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France is a proud nation that reveres all things French; most notably liberty, the Arts, fine food and tradition. The French are fiercely protective of their heritage and the integrity of French culture, oftentimes rejecting foreign influences – which may explain their love/hate relationship towards the 82 million people who visit each year! French pride is warranted when one considers that France presents travellers with a near-perfect package of chic cities, timeless villages, glamorous beaches, grand Alps, storybook castles and panoramic valleys.

Bordered by Belgium, Luxembourg, Germany, Switzerland, Italy and Monaco; with Spain and Andorra to the south, and linked to the United Kingdom by the Channel Tunnel, France is also an ideal starting point for a grand European odyssey.

Paris, France's capital, is one of the greatest cities in the world. Expansive avenues and boulevards reveal landmark statues, historical tributes, manicured gardens, and homages to the Arts. It is a city that exudes style and grandeur, and whose poetry is found in the details. The Arc de Triomphe, inscribed with lists of Napoleonic victories and impressive stonework, and the Eiffel Tower's metal petticoat are obvious stand-out icons, but Paris's true magic is found in its narrow streets far from the tourist trail. Inconspicuous markets, vintage stores, pokey cafes, home-style bistros, sweet-smelling bakeries, creperies, and charming locals place an indelible impression on the memories of those who seek the unexpected. The Luxembourg Gardens is a favourite chill-out for visitors and locals alike. There is no better place in Paris to people watch, as everyone basks in the sun having picnics and listening to music.

France's second city, Lyon, was once the capital of Roman-occupied Gaul. Today, it is France's culinary capital and is the place for travellers to indulge the senses – especially taste! Food, and in particular local produce, are honoured in this region and feature heavily on restaurant menus and bar wine lists. A stroll along the banks of Lyon's two rivers, the Saone and the Rhone, offers dramatic views across the old town and the Notre Dame de Fourviere basilica with its golden statue of the Virgin Mary. A unique feature of the old town is its traboules (underground passageways that run through and under buildings) that date back to the Renaissance, and were used by the French Resistance in World War 2. Lyon's cycle-hire is an excellent alternative to walking. Peddle the narrow streets and river banks to check out Lyon's artistic and cultural hotspots including the Opera, Musee des Beaux Arts, Theatre de la Criox-Rousse, ancient roman theatres, cathedrals and museums.

Brittany and Normandy in the country's north are characterised by enchanting coastlines and pretty seaside resorts, fishing boats, cheese and cider, but they are also steeped in history and tradition. Visitors can relax in Cameret-Sur-Mer, an artists' haven in Finistère (Land's End); explore the medieval city of Dinan and revel in the language, music and mythology of Brittany's Celtic culture. Normandy, Picardy and Nord Pas-de-Calais (also known as the Somme area) hosted battles and invasions over many wars. A number of memorials throughout the three regions provide visitors with an opportunity to retrace history and pay tribute to the fallen.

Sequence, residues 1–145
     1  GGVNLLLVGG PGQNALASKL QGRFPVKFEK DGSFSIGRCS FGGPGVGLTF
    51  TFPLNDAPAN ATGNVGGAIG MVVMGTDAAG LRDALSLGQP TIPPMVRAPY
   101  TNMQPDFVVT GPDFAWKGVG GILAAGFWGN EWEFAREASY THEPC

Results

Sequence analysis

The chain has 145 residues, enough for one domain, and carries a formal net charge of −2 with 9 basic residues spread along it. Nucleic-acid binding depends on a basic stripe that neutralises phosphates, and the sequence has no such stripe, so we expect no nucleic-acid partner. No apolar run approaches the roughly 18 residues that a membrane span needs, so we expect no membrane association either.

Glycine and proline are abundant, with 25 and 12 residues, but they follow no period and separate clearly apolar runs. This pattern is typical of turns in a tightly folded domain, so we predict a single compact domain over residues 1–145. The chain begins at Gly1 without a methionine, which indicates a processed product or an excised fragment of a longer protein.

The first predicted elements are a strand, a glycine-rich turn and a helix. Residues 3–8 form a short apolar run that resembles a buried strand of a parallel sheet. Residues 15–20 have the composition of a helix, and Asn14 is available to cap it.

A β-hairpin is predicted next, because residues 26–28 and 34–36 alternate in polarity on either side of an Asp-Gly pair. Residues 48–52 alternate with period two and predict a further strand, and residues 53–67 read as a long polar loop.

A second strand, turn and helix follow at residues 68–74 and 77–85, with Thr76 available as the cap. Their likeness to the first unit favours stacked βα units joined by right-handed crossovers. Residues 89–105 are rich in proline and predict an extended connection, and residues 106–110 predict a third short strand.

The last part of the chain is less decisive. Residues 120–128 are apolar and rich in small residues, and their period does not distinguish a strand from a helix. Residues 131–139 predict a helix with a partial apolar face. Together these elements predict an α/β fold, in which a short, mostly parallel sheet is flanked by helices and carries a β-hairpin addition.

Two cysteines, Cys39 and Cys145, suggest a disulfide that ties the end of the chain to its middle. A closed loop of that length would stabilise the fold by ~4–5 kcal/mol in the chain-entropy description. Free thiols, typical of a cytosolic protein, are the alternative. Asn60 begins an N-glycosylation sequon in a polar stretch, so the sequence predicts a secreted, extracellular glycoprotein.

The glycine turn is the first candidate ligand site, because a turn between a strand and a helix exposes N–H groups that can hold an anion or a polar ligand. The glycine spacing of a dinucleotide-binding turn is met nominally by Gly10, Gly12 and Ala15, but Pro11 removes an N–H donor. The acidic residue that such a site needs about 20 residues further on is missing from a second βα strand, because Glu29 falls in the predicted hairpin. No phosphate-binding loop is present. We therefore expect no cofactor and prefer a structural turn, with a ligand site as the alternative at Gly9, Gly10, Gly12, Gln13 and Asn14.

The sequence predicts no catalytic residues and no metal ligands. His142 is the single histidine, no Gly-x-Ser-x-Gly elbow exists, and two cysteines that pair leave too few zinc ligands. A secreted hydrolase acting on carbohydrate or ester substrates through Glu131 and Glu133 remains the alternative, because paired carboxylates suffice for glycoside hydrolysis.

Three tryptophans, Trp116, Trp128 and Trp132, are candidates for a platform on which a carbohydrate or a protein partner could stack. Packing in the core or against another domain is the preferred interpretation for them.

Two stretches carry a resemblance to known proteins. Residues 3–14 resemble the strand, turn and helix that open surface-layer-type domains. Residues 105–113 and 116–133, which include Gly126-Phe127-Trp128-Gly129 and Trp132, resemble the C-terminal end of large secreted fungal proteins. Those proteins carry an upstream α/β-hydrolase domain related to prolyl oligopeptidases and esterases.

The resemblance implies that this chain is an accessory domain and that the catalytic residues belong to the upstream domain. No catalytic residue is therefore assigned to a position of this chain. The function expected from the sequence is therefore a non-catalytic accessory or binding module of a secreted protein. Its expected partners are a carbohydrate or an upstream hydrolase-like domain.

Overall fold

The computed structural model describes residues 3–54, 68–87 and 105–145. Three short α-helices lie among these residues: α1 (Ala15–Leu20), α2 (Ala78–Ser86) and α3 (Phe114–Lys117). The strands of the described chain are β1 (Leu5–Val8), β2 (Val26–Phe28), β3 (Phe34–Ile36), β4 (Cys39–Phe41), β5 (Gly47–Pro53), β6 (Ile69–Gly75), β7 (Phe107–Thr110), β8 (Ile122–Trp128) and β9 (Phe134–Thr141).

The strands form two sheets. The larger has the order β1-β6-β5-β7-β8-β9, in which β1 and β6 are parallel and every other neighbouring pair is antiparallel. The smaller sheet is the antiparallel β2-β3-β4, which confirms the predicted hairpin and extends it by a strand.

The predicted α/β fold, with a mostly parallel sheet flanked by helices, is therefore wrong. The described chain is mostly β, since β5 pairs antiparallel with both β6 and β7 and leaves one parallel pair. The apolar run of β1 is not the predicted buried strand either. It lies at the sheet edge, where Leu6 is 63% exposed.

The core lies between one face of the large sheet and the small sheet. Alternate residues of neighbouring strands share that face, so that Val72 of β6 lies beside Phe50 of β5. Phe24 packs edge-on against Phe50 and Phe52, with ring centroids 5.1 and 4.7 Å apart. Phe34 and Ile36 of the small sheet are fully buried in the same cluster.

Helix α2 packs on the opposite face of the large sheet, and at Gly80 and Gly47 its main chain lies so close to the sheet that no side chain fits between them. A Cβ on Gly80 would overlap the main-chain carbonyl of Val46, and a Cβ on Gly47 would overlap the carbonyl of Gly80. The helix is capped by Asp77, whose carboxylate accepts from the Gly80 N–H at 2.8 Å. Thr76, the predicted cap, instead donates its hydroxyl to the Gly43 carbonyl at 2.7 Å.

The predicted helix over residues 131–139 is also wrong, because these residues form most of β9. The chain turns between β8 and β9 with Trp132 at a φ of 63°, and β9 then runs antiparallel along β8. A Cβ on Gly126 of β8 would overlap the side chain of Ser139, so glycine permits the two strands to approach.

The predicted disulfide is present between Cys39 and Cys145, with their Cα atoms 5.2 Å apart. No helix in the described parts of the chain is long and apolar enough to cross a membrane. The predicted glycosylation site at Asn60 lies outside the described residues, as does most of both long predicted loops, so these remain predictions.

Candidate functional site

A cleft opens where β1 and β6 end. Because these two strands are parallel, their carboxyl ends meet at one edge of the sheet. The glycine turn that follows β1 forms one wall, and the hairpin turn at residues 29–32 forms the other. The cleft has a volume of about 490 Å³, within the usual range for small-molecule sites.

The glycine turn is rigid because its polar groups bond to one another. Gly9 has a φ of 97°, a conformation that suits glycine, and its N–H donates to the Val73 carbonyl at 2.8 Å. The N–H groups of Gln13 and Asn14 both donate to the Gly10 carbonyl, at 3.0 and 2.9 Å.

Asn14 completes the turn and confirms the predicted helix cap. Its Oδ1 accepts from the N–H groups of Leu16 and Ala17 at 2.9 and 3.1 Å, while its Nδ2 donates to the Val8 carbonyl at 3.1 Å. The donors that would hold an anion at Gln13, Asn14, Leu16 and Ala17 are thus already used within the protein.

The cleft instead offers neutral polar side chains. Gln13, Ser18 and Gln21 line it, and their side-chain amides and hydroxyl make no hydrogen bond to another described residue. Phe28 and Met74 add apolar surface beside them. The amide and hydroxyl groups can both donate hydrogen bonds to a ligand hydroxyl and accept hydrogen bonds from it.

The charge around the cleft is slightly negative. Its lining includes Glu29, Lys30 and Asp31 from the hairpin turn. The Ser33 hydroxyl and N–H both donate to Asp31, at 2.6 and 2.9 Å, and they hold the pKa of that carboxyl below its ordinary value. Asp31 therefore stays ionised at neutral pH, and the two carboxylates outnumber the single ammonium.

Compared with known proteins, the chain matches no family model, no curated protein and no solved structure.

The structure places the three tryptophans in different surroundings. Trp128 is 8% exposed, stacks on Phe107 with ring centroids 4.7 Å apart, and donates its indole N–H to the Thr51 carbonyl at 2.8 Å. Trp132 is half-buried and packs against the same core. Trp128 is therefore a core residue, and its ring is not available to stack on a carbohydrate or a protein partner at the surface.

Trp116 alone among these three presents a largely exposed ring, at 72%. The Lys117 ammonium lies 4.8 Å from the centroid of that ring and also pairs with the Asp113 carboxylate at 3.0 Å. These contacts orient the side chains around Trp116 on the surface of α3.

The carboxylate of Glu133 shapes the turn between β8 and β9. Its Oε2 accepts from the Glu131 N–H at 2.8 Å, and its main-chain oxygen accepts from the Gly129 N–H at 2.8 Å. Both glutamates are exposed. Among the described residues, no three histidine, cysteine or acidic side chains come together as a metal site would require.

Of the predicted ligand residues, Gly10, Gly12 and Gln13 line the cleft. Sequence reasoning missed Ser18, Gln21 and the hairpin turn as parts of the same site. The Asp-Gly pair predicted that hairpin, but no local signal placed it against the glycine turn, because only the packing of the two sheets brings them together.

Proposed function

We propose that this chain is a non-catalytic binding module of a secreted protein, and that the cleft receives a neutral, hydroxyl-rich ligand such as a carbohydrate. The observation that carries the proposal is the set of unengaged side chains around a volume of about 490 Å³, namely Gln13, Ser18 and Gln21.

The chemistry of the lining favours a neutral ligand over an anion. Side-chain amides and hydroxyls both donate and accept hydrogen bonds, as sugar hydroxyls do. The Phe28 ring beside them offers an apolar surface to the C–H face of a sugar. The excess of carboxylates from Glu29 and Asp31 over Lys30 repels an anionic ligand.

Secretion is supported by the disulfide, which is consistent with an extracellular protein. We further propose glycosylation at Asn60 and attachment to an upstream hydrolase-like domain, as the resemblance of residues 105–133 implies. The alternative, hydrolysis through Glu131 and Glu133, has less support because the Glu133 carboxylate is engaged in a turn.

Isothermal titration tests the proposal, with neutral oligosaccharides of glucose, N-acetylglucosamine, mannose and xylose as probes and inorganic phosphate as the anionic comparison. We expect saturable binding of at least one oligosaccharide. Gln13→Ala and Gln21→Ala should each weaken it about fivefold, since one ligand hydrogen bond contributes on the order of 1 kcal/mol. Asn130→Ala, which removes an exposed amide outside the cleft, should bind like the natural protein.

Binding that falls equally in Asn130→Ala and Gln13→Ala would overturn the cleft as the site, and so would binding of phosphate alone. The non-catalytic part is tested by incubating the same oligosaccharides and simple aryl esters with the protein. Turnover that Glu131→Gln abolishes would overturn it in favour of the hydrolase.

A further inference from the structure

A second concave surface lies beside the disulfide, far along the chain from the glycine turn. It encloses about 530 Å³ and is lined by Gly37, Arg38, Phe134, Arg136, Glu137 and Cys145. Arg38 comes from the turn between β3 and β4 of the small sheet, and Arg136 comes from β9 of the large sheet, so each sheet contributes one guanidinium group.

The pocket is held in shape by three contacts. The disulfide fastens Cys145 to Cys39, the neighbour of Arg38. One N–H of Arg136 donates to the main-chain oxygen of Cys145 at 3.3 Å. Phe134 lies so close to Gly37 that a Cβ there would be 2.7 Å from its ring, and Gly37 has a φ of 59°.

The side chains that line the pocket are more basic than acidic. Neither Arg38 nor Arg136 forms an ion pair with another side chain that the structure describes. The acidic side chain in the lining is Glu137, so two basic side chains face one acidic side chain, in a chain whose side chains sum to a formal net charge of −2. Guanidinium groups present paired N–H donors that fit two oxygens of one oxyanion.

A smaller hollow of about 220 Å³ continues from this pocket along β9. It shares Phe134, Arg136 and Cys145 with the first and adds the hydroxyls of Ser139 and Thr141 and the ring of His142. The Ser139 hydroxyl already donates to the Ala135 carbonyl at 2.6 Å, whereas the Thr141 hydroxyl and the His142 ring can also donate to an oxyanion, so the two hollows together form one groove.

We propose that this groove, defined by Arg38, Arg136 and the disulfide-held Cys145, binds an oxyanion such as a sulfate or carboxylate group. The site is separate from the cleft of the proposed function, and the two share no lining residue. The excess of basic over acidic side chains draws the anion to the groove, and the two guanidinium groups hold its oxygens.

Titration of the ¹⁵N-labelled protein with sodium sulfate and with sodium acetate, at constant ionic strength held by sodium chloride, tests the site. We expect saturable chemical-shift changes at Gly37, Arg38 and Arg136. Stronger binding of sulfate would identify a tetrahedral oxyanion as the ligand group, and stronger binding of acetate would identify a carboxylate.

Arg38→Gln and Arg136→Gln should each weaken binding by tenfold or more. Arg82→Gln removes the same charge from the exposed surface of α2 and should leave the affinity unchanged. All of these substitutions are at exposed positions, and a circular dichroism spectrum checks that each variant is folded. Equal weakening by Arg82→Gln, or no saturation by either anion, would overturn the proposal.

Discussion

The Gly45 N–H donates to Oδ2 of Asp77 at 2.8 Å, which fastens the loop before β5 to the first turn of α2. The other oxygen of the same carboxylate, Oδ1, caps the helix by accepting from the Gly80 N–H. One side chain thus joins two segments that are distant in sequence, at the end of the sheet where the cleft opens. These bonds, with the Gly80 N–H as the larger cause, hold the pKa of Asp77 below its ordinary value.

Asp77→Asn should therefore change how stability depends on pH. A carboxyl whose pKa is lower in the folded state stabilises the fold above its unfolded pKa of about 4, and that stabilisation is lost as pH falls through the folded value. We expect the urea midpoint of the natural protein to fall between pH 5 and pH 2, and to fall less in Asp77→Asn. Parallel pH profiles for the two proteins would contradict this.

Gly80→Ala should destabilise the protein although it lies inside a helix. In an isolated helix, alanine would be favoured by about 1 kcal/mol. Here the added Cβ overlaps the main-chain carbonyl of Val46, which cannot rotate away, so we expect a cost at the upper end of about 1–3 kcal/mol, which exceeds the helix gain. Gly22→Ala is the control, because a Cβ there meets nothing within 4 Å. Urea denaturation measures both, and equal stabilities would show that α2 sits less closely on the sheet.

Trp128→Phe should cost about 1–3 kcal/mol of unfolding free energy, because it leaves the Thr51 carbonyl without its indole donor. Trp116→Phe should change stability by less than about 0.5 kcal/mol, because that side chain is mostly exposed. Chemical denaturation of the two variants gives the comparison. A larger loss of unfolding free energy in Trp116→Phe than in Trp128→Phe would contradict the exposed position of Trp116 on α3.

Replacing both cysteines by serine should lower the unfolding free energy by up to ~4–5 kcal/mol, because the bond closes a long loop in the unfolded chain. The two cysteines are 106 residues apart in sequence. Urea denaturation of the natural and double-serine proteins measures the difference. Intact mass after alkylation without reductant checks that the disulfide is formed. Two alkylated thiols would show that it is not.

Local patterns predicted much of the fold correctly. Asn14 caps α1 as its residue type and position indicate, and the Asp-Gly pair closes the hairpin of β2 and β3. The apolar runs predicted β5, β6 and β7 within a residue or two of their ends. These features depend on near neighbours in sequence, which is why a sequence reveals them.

The Loire Valley is referred to as France's 'Playground of Kings' due to its many magnificent chateaux, medieval fortresses and Renaissance palaces dating from the 15th to 17th centuries. But there is more to the Loire Valley than castles: fascinating historical towns, villages, farmhouses and cathedrals are well worth exploring, as is the countryside and scenery along the Loire River and its tributaries. Another highlight of a visit to this part of France is the chance to stroll through French food markets, meet local farmers and savour the locally grown food and wine. Though not as famous as the wine grown in the neighbouring regions of Burgundy and Champagne, the Loire Valley produces some of France's most internationally-revered wines.

The picturesque city of Lyon is the ideal gateway the Rhone Valley (more great good and wine!) and French Alps – one of the most stunning mountain ranges in Europe. The snowy peaks and ice-capped spires of this region draw skiers and boarders to their downhill runs, fresh powder, and rock formations. The Alps are also a summer playground for tourists and locals offering paths to walk, cliffs to climb, tracks to cycle, and some fascinating towns to explore.

France's southern coast, east of Marseilles, is known as the Côte d'Azur (French Riviera). The rocky, jagged coastline of small inlets, stone or sand beaches, and beautiful landscapes is home to some of France's most famous seaside resorts. In addition to lazing on a sunny beach, visitors can walk the wildflower-lined coastal walking paths of St-Tropez; search for film stars within the palatial hotels, chic boutiques and festivals of Cannes; and place a dollar (or two!) on the tables of Monaco's glamorous Monte Carlo casino.

The Atlantic coast boasts some of Europe's best waves in the stylish coastal resort town of Biarritz, while the arch covered streets of La Rochelle provide a charming stay for lovers of quaint French towns, fresh lobster and sailing (it is also starting point for the Vendee Globe around-the-world solo sailing competition).

The best time to ski in France is from mid-December through to the end of March with temperatures of around 1C. Beach visits are favoured during the summer months of June to September, with temperatures averaging 25 C in July.

Click here for our suggestions on events and places to go at various times of year.